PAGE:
1. How indebted are households?
Swedish household debts exceeded SEK 3.8 trillion, of which almost SEK 3 trillion or 77% consisted of mortgage loans. Today mortgage loans total about 40% of residential property value. Among new borrowers, the mortgage loan-to-value ratio was much higher: 64%. Since debts have risen faster than our incomes for years, the ratio of household debt to total disposable income has climbed to 180%, doubling in 20 years. This level is higher than in most comparable countries.
2. How large are household assets?
Households not only have debts, but also large assets. These can be divided into real property (mainly homes) and various types of financial assets (shares, mutual funds, bank savings etc.). The aggregate balance sheet of Swedish households looks very strong. Even when excluding their sizeable assets in different forms of pension savings and looking only at assets that can be liquidated, their assets are more than three times larger than their debts. Subtracting the value of real property, which is less liquid for a number of reasons, overall household assets still exceed debts.
3. How are household debts allocated?
Looking at aggregate household debts may be misleading. How these debts are distributed is at least equally important. Several studies have shown that household debts in Sweden are very unevenly allocated, ranging from a large group of entirely debt-free households to a small group with heavy debts. If we look only at mortgage loans, a full 56% of households are debt-free while only 21% have loans exceeding SEK 1 million.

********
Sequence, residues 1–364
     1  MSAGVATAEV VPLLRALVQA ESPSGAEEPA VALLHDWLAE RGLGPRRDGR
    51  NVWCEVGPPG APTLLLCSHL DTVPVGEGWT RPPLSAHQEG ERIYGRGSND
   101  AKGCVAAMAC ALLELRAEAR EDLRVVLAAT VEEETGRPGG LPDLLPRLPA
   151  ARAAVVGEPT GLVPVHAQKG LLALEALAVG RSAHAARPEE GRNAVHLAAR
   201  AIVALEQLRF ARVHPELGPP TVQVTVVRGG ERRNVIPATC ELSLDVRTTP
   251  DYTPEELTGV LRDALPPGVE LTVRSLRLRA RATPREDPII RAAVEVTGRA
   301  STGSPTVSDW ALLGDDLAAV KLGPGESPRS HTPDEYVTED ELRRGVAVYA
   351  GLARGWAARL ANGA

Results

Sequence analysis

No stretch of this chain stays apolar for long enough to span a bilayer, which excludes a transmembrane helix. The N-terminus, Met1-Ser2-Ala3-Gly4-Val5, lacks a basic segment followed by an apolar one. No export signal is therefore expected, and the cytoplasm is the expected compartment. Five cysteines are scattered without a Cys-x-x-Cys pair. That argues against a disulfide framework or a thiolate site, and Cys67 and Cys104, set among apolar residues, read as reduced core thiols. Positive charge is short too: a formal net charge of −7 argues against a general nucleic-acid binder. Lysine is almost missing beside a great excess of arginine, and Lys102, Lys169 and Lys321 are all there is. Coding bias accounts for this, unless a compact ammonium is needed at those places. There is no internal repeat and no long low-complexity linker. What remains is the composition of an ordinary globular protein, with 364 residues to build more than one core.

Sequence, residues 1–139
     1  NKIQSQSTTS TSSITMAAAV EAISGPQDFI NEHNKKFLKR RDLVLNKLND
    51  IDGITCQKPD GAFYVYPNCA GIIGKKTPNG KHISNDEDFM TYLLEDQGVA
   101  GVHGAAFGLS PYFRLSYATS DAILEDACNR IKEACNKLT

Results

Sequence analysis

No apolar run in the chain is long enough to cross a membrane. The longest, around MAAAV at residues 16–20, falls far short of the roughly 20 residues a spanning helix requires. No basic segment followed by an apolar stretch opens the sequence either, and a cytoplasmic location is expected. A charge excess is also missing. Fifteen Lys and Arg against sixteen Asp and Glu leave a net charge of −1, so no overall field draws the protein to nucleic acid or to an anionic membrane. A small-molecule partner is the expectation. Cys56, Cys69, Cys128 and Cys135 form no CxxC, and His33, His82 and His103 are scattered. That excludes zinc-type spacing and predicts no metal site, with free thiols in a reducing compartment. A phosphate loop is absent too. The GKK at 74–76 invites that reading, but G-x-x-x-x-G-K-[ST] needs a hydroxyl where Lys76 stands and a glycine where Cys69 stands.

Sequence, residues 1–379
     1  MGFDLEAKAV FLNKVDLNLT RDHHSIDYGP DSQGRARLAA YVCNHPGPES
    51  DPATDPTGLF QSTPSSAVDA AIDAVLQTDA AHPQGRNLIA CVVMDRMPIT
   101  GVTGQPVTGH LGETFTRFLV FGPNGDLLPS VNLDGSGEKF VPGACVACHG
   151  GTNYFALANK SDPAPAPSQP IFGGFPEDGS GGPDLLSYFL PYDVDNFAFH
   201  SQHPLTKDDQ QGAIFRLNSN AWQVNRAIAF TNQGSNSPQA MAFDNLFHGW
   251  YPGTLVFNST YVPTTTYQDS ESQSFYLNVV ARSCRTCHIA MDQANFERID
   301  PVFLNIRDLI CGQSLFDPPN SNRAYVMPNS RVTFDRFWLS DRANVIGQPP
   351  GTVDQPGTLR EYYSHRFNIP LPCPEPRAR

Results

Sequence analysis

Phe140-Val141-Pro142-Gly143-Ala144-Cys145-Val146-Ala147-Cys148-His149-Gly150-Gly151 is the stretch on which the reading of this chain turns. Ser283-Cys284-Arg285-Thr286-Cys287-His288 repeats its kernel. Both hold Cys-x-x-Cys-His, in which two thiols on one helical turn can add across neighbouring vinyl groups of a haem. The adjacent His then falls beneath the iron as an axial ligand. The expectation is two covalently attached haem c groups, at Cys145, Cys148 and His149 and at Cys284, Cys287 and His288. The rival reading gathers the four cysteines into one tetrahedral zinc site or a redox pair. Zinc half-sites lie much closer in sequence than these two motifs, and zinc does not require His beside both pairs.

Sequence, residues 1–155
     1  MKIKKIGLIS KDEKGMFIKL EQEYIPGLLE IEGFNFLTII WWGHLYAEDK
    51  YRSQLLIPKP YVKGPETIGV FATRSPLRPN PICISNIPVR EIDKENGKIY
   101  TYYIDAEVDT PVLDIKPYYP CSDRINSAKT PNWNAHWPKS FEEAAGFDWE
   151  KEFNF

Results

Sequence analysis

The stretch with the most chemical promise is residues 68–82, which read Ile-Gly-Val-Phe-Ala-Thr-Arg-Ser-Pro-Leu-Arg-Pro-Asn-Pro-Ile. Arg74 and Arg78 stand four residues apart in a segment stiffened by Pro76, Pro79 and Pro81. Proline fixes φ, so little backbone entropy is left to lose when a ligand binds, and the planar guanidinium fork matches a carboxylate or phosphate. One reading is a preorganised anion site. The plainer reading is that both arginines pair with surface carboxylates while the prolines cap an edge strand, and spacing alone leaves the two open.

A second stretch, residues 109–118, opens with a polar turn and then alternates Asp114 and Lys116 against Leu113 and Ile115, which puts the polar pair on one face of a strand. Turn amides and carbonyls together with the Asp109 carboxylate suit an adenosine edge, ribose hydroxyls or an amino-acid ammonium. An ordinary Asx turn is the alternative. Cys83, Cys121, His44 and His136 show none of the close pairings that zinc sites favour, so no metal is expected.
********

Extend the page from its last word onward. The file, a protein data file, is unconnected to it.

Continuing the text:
4. What groups have borrowed the most?
A government research study in 2013 reviewed all debts (mortgage loans, study loans, consumer credits etc.) of all adult inhabitants in Sweden. The study revealed that more than a third of Swedes had no loans at all, while really large loans (over SEK 1.8 million/person) were concentrated among a very small group totalling 2.5% of inhabitants. This small group also had substantially higher incomes and better education than the average. The authorities stopped gathering statistics on which individuals own assets when Sweden abolished its wealth tax a decade ago, but we strongly suspect that assets are also concentrated among the small group with large loans. The study concluded that “It’s the right people who have large loans”.
5. How big are the geographic differences?
Household debts are very unevenly distributed in Sweden. Most debts are concentrated in the largest cities, while debt levels in rural areas and smaller cities are substantially lower.
6. How large a percentage of mortgage debt consists of floating rate loans?
One risk that many observers have pointed to is that Swedish households are highly sensitive to interest rates, since nearly 70% of all new home mortgages are floating rate loans, and less than 10% of loans carry fixed rates that run for more than 5 years.
7. How much debt may households take on?